First I would like to say I love the DIY recipes. The first time I tried the DIY face cream recipe it came out beautifully. I love the fact that it was not greasy when you apply it. I have since then used up all what I have made and have attempted to mak it twice with some noticeable separation noted. Could my technique be the blame? The last 2 times I have attemted to make the face cream, I used a mixer instead of a blender as I wanted to make a smaller amount. The other change I made was instead of adding the oil to the hydrosol mix, I did the opposit and added hydrosol to oil. I also did not heat the hydrosol like I did the first time I made it. Could the change in technique and equipment be the blame. As not to waste my spoiled sample, is there a way to fix a batch that has separated. Are there any recomendations one can lend for the next time I make this I am hoping I will be successful on the next try. Thanks in advance.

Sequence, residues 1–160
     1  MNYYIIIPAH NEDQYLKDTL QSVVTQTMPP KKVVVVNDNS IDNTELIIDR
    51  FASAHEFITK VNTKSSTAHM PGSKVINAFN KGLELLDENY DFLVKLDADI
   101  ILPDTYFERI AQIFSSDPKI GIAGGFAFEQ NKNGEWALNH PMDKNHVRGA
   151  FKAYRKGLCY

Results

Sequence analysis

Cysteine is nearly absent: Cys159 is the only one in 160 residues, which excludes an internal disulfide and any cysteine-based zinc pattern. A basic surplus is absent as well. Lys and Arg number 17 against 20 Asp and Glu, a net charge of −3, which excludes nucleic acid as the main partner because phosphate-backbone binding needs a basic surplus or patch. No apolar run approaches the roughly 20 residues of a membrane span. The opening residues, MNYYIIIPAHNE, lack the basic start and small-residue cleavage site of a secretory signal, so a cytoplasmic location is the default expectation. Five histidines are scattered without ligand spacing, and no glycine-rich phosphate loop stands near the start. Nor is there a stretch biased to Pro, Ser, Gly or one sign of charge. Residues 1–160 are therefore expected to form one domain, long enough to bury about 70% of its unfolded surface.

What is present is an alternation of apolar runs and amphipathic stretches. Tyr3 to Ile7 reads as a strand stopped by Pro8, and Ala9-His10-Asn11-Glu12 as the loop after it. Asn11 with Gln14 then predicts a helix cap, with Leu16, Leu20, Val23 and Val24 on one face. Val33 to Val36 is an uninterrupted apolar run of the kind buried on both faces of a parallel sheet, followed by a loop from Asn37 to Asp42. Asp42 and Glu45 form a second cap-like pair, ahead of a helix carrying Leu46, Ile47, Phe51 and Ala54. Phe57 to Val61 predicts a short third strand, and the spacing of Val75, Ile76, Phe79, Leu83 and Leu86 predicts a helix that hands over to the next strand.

Has anyone tried argan oil and did you use it as a substitution for another oil.
I was given the Made from Earth Vitamin C Moisturizer as a gift - and I wasn't disappointed - it lives up to all the claims the company makes!!! My skin was smooth, soft and brighter after just a couple of uses - I use it @ night - no unpleasant odors, or greasy feel. LOVE it!!!
Unfortunately, Vitamin E oil is actually NOT a preservative. Now, Vitamin E oil IS an antioxidant. This means that when it is added to oils, it will HELP to prolong the shelf life of an oil otherwise exposed to oxygen and thus, oxidation. This is very true with oil
Barbara, vitamin E is absolutely NOT a preservative. It is an anti-oxidant. BIG difference. Everything Stacy Gamble said is 100% correct. With all due respect, you are 100% wrong. Please do some research because you are giving very bad and potentially dangerous information.
Stacy essential oils are not preservatives, you are right BUT the vitamin E is a preservative. I'm not sure how much is enough but that's what I've used for several years.
I would like to make my own face creams and body lotions. I am very allergic to various products. How do I know if I am allergic to natural products.
I\\\'ll try everything but maybe Stacy Gamble is right. It is necessary to use emulsifier to combine the water and oil ingredients What do you think? Thanks